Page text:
By Dan Carden, Times of Northwst Indiana

dan.carden@nwi.com

INDIANAPOLIS | Reform was the word on everybody's lips Tuesday at the Statehouse.

A brief "organization day" meeting of the General Assembly saw the introduction of proposals to add property tax caps to the Indiana Constitution, impose stricter limits and reporting requirements on lobbying and delay a scheduled hike in the unemployment tax rate.

Lawmakers will return to the Statehouse for rare December committee hearings to start working on these proposals ahead of the 10-week regular session that begins Jan. 5.

"We have a lot of issues, but it's got to be a fast session because it's a short session," said state Rep. Earl Harris, D-East Chicago.

The early committee meetings also will consider legislation requiring 80 percent of workers on public works projects to be from Indiana and a proposal to prohibit further outsourcing of state welfare programs in the wake of Gov. Mitch Daniels canceling a $1.34 billion welfare management contract with IBM.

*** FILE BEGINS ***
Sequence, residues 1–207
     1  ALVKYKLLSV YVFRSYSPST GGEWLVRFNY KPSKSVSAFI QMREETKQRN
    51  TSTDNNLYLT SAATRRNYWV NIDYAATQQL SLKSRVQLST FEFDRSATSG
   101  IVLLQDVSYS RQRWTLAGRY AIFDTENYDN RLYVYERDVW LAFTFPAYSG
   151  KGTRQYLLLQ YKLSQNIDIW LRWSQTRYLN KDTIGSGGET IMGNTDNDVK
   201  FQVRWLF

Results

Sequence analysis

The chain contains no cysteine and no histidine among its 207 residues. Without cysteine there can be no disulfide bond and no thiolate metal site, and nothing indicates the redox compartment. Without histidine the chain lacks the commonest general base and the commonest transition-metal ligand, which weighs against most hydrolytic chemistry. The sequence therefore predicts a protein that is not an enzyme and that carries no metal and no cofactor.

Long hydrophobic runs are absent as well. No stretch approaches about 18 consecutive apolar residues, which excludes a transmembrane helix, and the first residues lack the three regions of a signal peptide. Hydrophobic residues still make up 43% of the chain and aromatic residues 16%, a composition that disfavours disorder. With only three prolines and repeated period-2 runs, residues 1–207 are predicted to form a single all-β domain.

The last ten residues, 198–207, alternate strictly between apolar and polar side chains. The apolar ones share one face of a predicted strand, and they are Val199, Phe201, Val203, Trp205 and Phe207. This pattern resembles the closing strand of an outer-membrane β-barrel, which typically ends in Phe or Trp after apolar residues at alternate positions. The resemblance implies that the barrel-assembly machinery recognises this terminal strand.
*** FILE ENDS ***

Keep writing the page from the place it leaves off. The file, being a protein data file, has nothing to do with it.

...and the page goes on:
At the same time, with state revenue since July coming in $309 million less than forecast, leaders of both parties in both chambers vowed not to add to Indiana's fiscal woes.

"We can't have it. We can't do it," said Senate President David Long, R-Fort Wayne.

Long promised to be "absolutely brutal" on any legislative proposal that would spend new money.

That attitude concerns Harris, who said he will protect education spending. Education is the most costly state budget item.

"We're going to make sure, in the midst of this recession that we're in, that we look closely at education and how we're going to keep it in the flow," Harris said.

With so many potential flash points for reform-related controversy, and elections looming less than a year away, state Rep. Charlie Brown, D-Gary, said he expects "things are going to heat up," especially when lawmakers get around to discussing redistricting.

"There will be a lot of things said and done that are not pleasant at all by both sides," Brown said.

Redistricting reforms could determine which party controls the General Assembly for the next decade, making any changes to the redistricting process especially important, he said.

"If we, the Democrats, do not maintain the majority in the House, things will just be totally different," Brown said. "If both houses are in control of one party and they draw the maps, it will be unbelievable."

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